February 23, 2006

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Nashua Publisher's Note: A substitute for Benson’s
By Jeff Rapsis

Here’s a statement you’re not likely to hear any time soon:

“Honey, let’s pile the kids in the car and spend Saturday up in Nashua!”

Nashua has a lot going for it, but let’s be honest. There’s nothing singular about our city that makes it worth turning off the highway. There’s nothing here to inspire anyone to pile the family into the car and take a day trip—not since the demise of Benson’s Animal Farm in Hudson back in the 1980s, anyway.

And we lose out. Portsmouth has a great children’s museum that people travel to from all over the region. Manchester has the Verizon Arena, drawing visitors from a wide area. Lowell has the National Park and the whole history thing going for it.

And us? Let’s see. We have triangular manhole covers—oh, and a mall so close to the border that the parking lot is in another state. And not much else to appeal to any kind of visitor other than the “Oh my God I have to go to the bathroom, pull off the highway” type.

It doesn’t have to be this way. For decades, Benson’s brought families to our area, which benefited everyone. What can we do to recreate this?

I’ve been talking to people around town, and one idea that gets the most support is the creation of a truly outstanding public farmers’ market in Nashua—one so good that families will travel here to see it for themselves.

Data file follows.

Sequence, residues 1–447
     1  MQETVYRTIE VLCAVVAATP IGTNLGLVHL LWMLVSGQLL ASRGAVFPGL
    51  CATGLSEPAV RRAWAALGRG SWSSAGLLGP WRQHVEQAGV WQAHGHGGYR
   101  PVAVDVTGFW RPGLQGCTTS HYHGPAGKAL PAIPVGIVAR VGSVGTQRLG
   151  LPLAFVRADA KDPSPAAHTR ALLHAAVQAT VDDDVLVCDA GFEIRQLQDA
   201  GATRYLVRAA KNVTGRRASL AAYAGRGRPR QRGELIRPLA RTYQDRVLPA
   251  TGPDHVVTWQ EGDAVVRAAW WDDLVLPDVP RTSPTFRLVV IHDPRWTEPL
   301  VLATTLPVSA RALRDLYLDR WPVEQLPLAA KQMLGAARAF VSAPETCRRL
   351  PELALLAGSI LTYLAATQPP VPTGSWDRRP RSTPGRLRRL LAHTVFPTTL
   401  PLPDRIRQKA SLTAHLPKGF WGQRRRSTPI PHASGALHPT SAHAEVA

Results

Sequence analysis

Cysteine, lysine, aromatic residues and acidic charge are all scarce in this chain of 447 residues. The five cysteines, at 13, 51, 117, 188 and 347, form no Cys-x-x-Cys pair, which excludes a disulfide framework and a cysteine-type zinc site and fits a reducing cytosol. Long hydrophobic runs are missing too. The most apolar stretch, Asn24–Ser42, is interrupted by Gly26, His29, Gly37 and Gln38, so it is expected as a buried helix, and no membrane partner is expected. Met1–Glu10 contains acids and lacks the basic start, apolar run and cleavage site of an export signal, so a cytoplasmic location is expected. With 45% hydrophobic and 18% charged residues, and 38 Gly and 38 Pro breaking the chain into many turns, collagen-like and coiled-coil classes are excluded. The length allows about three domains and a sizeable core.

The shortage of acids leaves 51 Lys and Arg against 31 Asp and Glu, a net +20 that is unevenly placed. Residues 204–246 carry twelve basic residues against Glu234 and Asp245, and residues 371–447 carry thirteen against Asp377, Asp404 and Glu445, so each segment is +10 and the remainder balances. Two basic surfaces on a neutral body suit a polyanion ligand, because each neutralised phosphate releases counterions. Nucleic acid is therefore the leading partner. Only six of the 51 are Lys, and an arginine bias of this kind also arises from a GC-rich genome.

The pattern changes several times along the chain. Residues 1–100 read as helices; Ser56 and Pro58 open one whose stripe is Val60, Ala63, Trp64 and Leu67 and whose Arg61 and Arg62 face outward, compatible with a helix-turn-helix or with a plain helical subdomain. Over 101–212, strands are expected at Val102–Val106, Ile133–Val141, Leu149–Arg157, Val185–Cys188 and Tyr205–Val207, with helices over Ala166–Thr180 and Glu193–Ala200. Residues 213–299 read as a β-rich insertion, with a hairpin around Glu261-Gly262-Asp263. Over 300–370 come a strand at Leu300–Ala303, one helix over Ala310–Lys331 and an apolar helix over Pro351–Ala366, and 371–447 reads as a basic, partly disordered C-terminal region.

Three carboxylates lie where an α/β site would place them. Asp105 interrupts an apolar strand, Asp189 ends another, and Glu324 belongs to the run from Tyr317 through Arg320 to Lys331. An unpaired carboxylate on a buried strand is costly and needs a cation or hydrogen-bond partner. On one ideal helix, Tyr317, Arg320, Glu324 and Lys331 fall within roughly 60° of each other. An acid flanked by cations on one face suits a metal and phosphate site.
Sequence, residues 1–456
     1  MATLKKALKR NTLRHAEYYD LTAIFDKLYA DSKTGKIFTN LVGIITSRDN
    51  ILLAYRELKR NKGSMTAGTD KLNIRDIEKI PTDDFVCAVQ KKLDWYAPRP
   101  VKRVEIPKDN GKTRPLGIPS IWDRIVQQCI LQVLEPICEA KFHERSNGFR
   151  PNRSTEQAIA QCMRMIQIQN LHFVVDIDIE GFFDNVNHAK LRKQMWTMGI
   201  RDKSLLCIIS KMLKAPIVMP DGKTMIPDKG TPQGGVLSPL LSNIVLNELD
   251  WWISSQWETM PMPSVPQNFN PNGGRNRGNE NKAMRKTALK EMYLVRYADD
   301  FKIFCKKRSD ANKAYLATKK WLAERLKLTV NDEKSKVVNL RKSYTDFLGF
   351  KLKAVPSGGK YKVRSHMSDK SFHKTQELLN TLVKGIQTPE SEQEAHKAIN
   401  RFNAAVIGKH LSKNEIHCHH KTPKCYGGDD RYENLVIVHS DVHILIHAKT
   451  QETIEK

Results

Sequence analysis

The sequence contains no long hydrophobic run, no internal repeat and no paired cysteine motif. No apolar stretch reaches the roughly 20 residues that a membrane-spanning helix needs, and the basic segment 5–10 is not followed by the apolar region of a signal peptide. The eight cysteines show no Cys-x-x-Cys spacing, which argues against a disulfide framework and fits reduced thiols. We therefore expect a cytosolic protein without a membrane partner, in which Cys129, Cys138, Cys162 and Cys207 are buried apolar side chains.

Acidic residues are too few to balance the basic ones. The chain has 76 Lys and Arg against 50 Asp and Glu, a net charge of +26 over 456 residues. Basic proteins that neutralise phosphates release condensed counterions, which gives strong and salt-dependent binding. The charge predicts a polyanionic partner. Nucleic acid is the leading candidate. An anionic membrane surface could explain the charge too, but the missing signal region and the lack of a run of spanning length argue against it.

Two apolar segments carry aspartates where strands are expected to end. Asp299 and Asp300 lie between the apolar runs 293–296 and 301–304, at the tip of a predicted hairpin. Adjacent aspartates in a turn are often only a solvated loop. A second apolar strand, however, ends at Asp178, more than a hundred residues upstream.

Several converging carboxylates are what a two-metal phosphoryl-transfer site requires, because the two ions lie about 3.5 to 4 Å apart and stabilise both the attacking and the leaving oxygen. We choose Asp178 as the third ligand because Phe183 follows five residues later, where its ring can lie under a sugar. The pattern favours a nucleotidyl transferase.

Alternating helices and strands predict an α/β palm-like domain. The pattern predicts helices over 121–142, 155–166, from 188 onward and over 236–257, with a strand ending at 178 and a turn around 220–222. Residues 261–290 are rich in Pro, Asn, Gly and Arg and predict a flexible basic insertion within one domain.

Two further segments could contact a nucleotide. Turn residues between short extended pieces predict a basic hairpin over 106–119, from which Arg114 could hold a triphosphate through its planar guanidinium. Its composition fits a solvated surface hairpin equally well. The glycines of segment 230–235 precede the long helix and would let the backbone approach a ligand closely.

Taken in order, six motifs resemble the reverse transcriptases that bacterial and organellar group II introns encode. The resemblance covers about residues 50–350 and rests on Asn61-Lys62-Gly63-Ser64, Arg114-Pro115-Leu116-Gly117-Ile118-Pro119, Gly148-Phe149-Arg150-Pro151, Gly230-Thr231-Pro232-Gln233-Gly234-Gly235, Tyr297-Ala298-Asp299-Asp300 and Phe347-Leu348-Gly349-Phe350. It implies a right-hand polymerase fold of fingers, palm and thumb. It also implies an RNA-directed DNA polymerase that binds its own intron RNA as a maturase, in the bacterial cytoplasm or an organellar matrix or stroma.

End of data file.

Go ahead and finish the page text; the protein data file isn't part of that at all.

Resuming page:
I’m not thinking of one of these once-a-week season things with maybe a dozen vendors. I’m thinking of a permanent year-round market that features food, yes, but also locally made products and crafts and artwork and so on.

It would serve the community, and be a great addition to downtown, but that’s not all. Done right, it could put Nashua on the map as a must-see city, as a destination or at least a place worth turning off the highway if you’re headed to or from the lakes or mountains up north.

It’s not a new idea. Portland, Maine built one a decade ago and it’s been a nice success. Today, the Portland Public Market is a busy hub for local produce and made-in-Maine merchandise.

There’s nothing like it in these parts, even as the popularity of once-a-week farmers’ markets has boomed. Also, there’s a growing interest in products that aren’t part of the whole made-in-China-and-distributed-by-Wal-Mart business chain. So there’s an opportunity here. (And by the way: Portland, Maine, is a lot smaller than Nashua.)

Think about it. A regional public market in downtown Nashua could attract families with a regular schedule of events and activities all year ’round. It could take the place of Benson’s Wild Animal Farm as a family attraction to bring visitors to our area.

Heck, we could even have a few animals on hand.

I’ll be working on this in the next few months. If you’re interested in talking more about a farmers’ market in Nashua, contact me at jrapsis@hippopress.com.

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